The Ezekiel Option
As a reader, I was hooked on this book from the first two sentences: "Boris Stuchenko would be dead in less than nineteen minutes. And he had no idea why." Hijackers have taken control of an Aeroflot plane and have charted a path directly for the White House. Stuchenko, a self-made billionaire, is the richest man in Russia and "happens" to be taking a test ride on the airline before he purchases it and turns it around. Because of the hijacking, U.S. President James "Mac" MacPherson has no other choice than to blow up the plane before it hits its terrorist target. The incident begins an action-packed read between Russia and the United States.
From Joel C. Rosenberg's previous New York Times bestsellers (THE LAST JIHAD and THE LAST DAYS from Forge Press), I expected a dramatic beginning and he didn't disappoint. Readers of these other books will recognize the lead characters: Jon Bennett, Senior Advisor to the President, and Erin McCoy, also a Senior Advisor to the President who is on loan from the CIA, plus other members of President MacPherson's staff. Don't be concerned if you haven't read the other books in the series, because THE EZEKIEL OPTION stands alone for a tension-filled reading experience. The characters are well-drawn and the dialogue is crisp in this contemporary novel.
Several threads of story lines are started and continued throughout the novel, which makes for fast-paced action in various places on the globe, such as Washington, D.C., Moscow and Jerusalem. After tensions between countries are raised to a high level, there are no "easy" political solutions to the difficulties. The reader learns about the Ezekiel Option, which is based on a prophecy from Ezekiel 38-39. Dr. Eli Mordechai, the former head of the Israeli Mossad, explains the prophecy to Jon Bennett, saying, "A little over twenty-five hundred years ago, a Hebrew prophet named Ezekiel had a vision in which he foresaw a conspiracy that could have been ripped out of this morning's headlines. He saw modern countries then unborn, modern alliances yet unformed, and a day of unspeakable terror, all driven by a tyrant from the north."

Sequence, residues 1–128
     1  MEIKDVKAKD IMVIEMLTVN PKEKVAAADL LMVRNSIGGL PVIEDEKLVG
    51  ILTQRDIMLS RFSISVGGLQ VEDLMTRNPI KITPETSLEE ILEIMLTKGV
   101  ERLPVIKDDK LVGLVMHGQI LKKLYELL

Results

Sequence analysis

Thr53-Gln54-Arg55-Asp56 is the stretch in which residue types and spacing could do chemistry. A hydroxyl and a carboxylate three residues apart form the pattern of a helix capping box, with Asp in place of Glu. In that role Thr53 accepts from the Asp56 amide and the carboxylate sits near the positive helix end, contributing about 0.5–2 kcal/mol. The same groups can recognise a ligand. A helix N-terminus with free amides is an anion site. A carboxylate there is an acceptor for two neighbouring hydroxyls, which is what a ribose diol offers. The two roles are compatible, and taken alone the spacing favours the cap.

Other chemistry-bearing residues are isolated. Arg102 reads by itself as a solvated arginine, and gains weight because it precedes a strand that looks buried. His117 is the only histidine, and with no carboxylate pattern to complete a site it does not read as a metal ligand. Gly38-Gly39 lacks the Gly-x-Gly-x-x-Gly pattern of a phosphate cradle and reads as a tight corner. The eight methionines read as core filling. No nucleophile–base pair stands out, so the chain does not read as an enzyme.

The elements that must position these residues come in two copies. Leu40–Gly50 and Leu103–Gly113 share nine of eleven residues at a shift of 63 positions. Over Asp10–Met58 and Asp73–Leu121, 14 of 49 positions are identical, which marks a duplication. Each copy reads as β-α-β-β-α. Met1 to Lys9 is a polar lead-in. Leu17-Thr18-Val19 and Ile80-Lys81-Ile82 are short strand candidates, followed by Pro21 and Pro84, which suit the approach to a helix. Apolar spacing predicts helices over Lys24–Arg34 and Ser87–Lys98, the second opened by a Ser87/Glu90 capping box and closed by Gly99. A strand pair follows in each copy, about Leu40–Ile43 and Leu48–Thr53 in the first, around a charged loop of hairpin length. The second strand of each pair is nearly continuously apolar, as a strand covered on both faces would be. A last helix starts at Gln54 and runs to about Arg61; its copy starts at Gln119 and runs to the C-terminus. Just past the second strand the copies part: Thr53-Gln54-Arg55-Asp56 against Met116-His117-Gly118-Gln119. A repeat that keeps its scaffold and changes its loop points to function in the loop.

The book even includes a veiled reference to the blockbuster Left Behind titles from Tyndale. At one point Jon and Mordechai are instant messaging each other and Mordechai says, "jonathan, my friend, just because you have never heard of this prophecy does not mean nobody has...never heard of the left behind series?"
"I remember a newsweek cover story about it a few years back, but no, never read the books...too busy making money."
"how could I forget? ...Well left behind was a series of novels by an evangelical prophecy expert named tim lahaye and a writer named jerry jenkins...about the last days, the rapture, the rise of the antichrist...they sold over 60 million copies."
"and the first chapter of left behind refers to the gog and magog prophecy as having already taken place...why?...because lahaye believes Ezekiel 30-39 might very well take place before Christ comes back for his church."
While Rosenberg's story includes characters who are Christians, any mention about the Bible or prayer is several hundred pages into the novel and carefully woven into the plot in an appropriate manner that isn't overdone.
Like any excellent novel in this genre, the tension for the reader grows with each page until you reach a point of no return --- where you have to complete the book in that setting, even if you stay up until the wee hours of the morning, as this reviewer did. In the final pages, everyone is "relatively safe" and the reader is left waiting for the next Rosenberg novel. I highly recommend this title.
Reviewed by W. Terry Whalin on June 27, 2005